City Begins Medical Marijuana Zoning Process

The City of Springfield has begun the process of deciding where in the city limits medical marijuana can be grown, processed, tested and sold.

City staff brought to City Council during the weekly lunch session outlines of changes to the city code to allow medical marijuana businesses to begin finding locations for a variety of functions. The move by the city is being done in anticipation of the state’s accepting of applications for medical marijuana licenses in August.

The location of the business is one of the major considerations of the state when awarding one of four categories of licenses related to marijuana.

The first proposal from city staff involves “Medical Marijuana Cultivation”, or the businesses that will be growing and harvesting the plant. These locations are state licensed to “acquire, cultivate, process, store, transport and sell marijuana to a medical marijuana dispensary facility, medical marijuana testing facility or to a medical marijuana-infused products manufacturing facility.”

The state has not yet issued final rules regarding these businesses, but city staff believe these growth factories will be limited to about 30,000 square feet of “plant canopy space” for an indoor facility or a limit of 2,800 flowering plants for an outdoor facility.

The city would restrict these businesses to highway commercial & commercial services districts; restricted industrial districts; light industrial districts; general manufacturing districts; and heavy manufacturing & industrial commercial districts. They will be required to be 1,000 feet from any school, day-care centers or churches.

Also, if they are located next to or across the street from a residential district, they will be required to get a conditional overlay from Planning and Zoning & the City Council. The overlay could require additional work from the business to control things such as odors released by the factory.

There will only be a few marijuana testing centers in the state, but city staff are hoping one will locate in Springfield because these will be highest paying jobs in the medical marijuana field. These facilities cannot be co-housed with another medical marijuana related facility and they cannot be owned by any company that also is connected to a different category of medical marijuana business.

City staff will be proposing that these businesses be limited to light industrial, restricted industrial, general manufacturing, heavy manufacturing and industrial commercial zones. They will also have a 1,000 foot separation from schools, day-care centers and churches.

Medical Marijuana-Infused Manufacturing facilities will acquire, store, manufacture, transport and sell marijuana-infused products to a dispensary, testing facilities, or to another manufacturing facility. (They cannot sell to patients.)

City staff said because the manufacturing process involves the use of butane and other hazardous substances, these facilities would be limited to general manufacturing and heavy manufacturing districts. They will be required to be 1,000 feet from schools, day-care centers and churches. There will also be a conditional use permit required if next to a residential section.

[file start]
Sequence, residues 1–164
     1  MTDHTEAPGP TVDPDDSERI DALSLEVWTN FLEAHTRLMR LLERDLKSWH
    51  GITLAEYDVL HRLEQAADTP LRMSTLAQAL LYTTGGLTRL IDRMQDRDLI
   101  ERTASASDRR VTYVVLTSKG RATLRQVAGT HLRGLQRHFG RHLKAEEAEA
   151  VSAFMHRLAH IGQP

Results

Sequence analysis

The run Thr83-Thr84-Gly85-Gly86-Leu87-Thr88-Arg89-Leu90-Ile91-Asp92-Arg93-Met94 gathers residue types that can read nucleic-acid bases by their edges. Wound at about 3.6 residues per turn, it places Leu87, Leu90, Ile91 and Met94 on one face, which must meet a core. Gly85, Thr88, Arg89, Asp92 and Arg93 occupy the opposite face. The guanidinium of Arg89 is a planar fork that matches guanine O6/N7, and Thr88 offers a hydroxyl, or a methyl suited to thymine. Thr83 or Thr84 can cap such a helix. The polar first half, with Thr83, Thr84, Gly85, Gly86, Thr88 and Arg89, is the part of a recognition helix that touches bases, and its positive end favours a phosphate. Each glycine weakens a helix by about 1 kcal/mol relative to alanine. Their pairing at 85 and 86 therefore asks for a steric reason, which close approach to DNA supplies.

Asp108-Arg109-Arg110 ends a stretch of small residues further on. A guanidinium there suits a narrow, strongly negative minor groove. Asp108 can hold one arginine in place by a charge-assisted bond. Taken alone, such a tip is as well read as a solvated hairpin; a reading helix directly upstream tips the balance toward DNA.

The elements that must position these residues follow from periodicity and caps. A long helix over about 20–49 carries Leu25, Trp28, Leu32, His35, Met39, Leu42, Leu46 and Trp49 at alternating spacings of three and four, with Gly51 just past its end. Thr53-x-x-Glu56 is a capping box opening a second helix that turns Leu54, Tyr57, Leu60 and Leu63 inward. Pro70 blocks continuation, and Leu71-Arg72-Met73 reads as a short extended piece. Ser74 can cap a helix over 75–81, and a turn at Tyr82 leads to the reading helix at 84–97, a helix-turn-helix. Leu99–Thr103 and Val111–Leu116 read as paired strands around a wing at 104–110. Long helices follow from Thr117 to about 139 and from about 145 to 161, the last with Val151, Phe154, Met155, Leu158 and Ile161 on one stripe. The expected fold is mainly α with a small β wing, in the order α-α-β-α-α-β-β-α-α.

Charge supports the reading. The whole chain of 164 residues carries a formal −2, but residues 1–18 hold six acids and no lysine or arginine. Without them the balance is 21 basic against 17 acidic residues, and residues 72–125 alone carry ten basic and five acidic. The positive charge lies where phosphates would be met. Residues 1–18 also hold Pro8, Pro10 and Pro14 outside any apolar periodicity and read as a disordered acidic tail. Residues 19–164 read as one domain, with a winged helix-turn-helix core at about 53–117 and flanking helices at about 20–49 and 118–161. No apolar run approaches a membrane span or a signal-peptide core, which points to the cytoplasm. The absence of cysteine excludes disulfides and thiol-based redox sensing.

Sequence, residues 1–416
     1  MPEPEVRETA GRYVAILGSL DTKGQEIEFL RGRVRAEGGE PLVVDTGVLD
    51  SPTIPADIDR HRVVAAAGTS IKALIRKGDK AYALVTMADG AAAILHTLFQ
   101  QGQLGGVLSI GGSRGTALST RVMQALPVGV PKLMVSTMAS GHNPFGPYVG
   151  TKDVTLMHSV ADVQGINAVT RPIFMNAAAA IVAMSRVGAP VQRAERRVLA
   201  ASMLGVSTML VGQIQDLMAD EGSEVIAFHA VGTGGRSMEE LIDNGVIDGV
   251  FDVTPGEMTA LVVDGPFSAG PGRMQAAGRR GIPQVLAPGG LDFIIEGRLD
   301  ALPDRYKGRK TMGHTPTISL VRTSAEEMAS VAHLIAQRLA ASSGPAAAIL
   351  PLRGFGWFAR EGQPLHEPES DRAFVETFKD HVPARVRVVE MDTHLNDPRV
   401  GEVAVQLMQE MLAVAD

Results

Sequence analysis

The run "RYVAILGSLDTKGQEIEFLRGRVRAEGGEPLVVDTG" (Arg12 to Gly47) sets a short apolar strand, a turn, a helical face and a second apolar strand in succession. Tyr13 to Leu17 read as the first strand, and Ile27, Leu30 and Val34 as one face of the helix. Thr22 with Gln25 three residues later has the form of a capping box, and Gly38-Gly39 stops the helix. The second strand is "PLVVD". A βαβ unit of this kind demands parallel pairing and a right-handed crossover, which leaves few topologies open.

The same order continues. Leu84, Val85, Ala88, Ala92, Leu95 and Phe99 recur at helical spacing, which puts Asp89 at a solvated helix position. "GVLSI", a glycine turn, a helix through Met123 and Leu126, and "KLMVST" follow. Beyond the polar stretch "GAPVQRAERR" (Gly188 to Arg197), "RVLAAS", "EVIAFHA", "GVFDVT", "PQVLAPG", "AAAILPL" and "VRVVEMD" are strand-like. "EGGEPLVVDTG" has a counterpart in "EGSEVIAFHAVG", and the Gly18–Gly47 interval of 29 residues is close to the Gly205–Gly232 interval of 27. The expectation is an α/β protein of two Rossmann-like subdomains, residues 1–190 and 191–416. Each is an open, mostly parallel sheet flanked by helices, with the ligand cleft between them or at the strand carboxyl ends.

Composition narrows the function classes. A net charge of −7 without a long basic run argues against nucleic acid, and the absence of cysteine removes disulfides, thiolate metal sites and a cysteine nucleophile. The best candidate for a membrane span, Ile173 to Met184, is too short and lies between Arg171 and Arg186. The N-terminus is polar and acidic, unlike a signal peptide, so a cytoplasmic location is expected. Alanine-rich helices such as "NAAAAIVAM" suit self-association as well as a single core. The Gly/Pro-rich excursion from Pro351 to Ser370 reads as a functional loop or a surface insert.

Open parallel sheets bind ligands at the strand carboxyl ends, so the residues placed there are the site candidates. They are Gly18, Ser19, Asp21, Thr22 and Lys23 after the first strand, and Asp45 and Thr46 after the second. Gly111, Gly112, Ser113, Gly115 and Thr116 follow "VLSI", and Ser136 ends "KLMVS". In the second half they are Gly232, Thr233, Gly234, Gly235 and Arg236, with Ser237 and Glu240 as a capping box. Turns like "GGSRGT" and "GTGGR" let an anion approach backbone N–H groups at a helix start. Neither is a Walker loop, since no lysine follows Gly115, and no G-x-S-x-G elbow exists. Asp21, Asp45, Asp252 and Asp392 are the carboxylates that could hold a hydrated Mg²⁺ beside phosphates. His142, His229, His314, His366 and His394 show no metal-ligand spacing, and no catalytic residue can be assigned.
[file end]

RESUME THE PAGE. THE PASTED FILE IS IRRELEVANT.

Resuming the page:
When approaching two other medical marijuana facilities, the city staff is recommending a smaller distance from schools and other facilities.

Medical Marijuana Post-Extraction facilities are businesses such as bakeries or producers of ointments that contain cannabis oil. Each one of these businesses will be individually considered by city staff for whether it qualifies as a retail sales use group or industrial/wholesale activity. Where they can be located is dependent on the staff’s designation of the business, and they will only have to be 200 feet away from schools, day-care centers and churches.

Finally, Medical Marijuana Dispensaries. These facilities will be where “qualifying patients” can obtain their marijuana and drug paraphernalia.

The dispensaries will be located in general retail, highway commercial, commercial services, center city and Commercial Street districts. They will also be allowed in restricted industrial, light industrial, general manufacturing, heavy manufacturing and industrial commercial in the event a dispensary will be co-located with a manufacturing facility.

Dispensaries will not be allowed in limited business or office districts. They will also be allowed within 200 feet of a school, day-care or church.

During the meeting Councilman Hosmer asked why they should reduce the distance away from schools for any of the categories of business. Staff responded that keeping them all 1,000 feet would keep a dispensary from being able to locate in the center city area.

Police Chief Paul Williams mentioned during the city staff presentation that crime increases when medical marijuana is brought into a community. There are increases in crashes/DWI reports. A black market is created for the product for people who want to avoid paying the taxes that are placed on medical marijuana sold in the dispensaries. There are also arrests for smoking in public and private places where it’s illegal.

Williams noted that 66 percent of local jurisdictions in Colorado banned medical and recreational marijuana because of problems connected to it. (Missouri communities are prohibited by the constitutional amendment from banning medical marijuana.)